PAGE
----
City of Ghosts

Review by Trevor Johnston

Directed by

Matthew Heineman

Starring

Hamoud Hassan Hussam

Anticipation.

A doc about ISIS in Syria? Can’t we just have the electrodes to the nipples instead?

Enjoyment.

Understandably harrowing at times, but the film brings us that bit closer to real, relatable people caught up in the carnage.

In Retrospect.

A clearly significant document, bringing compassionate immediacy and personalised humanity to an unfolding catastrophe.

The importance of citizen journalism comes to the fore in Matthew Heineman’s vital documentary.

Oh God, more carnage from Syria… Does it make you a bad person to feel somewhat daunted by this new feature doc? The ongoing geopolitical clusterfuck over there is so brutal, so intractable, so seemingly hopeless, that our compassion glands and outrage muscles are more or less worn out by now.

That’s the major obstacle faced by any filmmaker trying to stimulate the conscience of an international audience. By showcasing the plight of a group of endangered citizen journalists from ISIS-occupied Raqqa, however, director Matthew Heineman gets through the blasé barrier by connecting to the humanity of a group of ordinary individuals caught up in an utterly inhuman situation.

Some history first. Once, this city on the Euphrates was a pleasant, hospitable place, but in 2012 it became a centre for pro-democracy protests against the Assad regime, galvanising even previously non-political folk to take to the streets. Cue a violent crackdown by the Syrian military, followed by the city’s ISIS takeover – presenting themselves as liberators who’d free the people from tyranny.

Well, we now know how that turned out, as ISIS made Raqqa into a fear-ridden holding pen marked by poverty and deprivation. The only story reaching the outside world, however, was the ISIS propaganda version, until a group of students and teachers – everyday types who’d previously been pro-democracy supporters – decided to show what was really happening on the streets. So, at great personal risk, they shot video and posted pictures on Facebook and Twitter under the moniker ‘Raqqa is Being Slaughtered Silently’.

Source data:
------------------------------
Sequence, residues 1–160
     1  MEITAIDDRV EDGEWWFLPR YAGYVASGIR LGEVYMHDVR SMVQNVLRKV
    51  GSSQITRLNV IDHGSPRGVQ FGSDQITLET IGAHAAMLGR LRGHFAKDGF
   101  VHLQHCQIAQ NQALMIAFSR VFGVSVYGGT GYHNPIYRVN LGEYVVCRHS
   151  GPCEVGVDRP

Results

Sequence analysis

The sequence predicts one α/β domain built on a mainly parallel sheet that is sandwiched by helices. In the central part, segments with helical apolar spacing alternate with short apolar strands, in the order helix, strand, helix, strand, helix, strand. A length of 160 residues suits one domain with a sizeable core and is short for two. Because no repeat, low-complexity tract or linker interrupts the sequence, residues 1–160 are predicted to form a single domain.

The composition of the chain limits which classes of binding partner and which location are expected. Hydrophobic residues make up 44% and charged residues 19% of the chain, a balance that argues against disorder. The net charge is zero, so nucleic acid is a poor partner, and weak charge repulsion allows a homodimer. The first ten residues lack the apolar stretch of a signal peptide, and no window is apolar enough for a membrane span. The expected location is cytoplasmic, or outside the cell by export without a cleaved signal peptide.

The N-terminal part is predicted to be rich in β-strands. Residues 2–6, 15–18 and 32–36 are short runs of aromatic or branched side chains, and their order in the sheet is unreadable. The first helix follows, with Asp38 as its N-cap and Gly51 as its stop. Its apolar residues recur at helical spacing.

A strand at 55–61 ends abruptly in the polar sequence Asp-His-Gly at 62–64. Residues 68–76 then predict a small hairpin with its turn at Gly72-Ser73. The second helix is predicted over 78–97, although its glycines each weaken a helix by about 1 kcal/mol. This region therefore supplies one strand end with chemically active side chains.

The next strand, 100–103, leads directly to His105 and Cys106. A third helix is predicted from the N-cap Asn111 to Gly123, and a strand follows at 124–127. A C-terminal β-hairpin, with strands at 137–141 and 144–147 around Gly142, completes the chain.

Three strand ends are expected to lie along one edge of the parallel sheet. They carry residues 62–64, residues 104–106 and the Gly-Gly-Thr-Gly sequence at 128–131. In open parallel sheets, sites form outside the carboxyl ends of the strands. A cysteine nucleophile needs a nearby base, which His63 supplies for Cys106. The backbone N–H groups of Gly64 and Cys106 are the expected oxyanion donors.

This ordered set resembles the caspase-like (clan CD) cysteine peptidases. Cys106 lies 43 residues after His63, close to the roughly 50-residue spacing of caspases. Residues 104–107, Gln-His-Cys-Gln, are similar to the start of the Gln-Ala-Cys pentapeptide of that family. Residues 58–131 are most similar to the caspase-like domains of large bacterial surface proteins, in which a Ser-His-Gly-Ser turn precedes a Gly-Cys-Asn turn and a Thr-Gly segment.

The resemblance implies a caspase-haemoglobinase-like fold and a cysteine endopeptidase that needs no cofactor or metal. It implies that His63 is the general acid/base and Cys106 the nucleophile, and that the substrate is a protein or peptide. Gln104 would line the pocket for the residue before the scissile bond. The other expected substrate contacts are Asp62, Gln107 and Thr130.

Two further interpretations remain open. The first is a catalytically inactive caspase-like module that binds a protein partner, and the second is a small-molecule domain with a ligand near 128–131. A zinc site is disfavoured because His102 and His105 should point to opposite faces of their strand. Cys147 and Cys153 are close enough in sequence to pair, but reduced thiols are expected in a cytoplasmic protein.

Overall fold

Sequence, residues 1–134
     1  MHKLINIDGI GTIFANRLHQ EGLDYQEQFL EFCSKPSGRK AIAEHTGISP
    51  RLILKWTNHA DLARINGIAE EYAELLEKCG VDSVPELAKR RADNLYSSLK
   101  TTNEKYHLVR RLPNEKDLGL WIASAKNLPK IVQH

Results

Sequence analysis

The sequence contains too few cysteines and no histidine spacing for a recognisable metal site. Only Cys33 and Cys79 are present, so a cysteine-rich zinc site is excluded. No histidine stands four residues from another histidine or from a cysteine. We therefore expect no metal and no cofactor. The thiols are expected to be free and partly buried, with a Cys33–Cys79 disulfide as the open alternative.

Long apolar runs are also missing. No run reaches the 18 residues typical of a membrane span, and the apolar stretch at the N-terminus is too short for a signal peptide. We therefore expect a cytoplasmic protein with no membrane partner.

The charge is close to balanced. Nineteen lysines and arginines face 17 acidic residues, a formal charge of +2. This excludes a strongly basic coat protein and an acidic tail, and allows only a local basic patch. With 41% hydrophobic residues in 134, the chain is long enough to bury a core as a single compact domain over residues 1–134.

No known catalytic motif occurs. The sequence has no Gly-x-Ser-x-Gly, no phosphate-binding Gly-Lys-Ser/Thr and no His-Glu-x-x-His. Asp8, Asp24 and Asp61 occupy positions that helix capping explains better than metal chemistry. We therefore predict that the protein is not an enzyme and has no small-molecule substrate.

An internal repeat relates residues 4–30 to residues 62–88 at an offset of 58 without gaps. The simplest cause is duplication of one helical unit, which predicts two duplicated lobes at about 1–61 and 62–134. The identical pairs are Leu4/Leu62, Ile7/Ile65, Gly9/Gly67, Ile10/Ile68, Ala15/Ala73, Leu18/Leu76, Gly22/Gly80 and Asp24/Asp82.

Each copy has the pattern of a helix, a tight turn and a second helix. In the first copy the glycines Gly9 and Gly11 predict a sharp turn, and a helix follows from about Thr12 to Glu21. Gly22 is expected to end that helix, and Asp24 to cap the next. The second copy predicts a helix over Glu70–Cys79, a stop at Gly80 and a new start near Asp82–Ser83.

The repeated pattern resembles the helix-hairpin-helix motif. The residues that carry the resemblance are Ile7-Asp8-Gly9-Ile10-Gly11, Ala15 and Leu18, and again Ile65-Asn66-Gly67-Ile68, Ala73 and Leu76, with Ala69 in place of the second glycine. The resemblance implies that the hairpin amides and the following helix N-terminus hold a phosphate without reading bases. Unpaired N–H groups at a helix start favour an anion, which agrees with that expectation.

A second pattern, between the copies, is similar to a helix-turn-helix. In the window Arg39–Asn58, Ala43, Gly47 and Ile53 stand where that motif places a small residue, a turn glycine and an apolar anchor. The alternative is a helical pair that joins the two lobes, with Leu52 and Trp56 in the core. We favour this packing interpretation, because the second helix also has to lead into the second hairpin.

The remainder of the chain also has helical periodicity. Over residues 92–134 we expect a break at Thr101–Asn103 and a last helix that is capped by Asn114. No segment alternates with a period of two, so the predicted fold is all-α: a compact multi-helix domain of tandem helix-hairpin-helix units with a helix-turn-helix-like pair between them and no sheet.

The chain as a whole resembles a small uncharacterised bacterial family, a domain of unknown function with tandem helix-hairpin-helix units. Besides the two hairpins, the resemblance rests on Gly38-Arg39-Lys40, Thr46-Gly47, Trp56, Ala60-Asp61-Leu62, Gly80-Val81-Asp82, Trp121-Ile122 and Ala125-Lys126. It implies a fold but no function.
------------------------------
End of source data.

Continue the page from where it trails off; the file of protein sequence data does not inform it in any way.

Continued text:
Much of what they revealed ended up in the international media, and as such their endeavours fit in with the overall post-Arab Spring narrative of citizen empowerment through smartphone and internet technology, and of course the wider war of ideas being waged online. Here ISIS purveys its slick Hollywood-style recruitment videos and RBSS counters with the ugly truth of life inside the caliphate.

As in his previous offering, the US- Mexican border chronicle Cartel Land, director Heineman clearly gains the trust of his subjects, and shows the emotional toll behind the sadly too-familiar images of carnage. When one of the team is captured, tortured and publicly executed by ISIS, it’s time for Aziz, Mohamed and compadres to ship out of Raqqa and keep the multimedia flowing from Turkey and Germany while still receiving daily reports from brave reporters inside the occupied city.

As the team sit tapping away on screens, they seem pretty much like you or I, except that ISIS videos feature their actual family members being killed on camera in revenge. For all the horrors on display, it’s the immediate intimacy of tears being shed for their loved ones, as well as the debilitating stress of living under constant death threats, which really hit home. As we register the suffering and the resilience of these reluctant heroes while keeping faith with truth and justice as the incalculable turmoil continues, it puts a human face, a point of contact, on the often overwhelming enormity of Syria’s national tragedy.

Published 21 Jul 2017

Tags: Matthew Heineman Syria

Anticipation.

A doc about ISIS in Syria? Can’t we just have the electrodes to the nipples instead?

Enjoyment.

Understandably harrowing at times, but the film brings us that bit closer to real, relatable people caught up in the carnage.

In Retrospect.

A clearly significant document, bringing compassionate immediacy and personalised humanity to an unfolding catastrophe.

Read More

How cinema is challenging the narrative around the Syria crisis

By Matt Turner

At Sheffield Doc/Fest a trio of films reveal the horror and hope at the heart of the conflict.

The Look of Silence

By Sophie Monks Kaufman

Joshua Oppenheimer’s bloodcurdling and brilliant follow-up to his doc smash, The Act of Killing.

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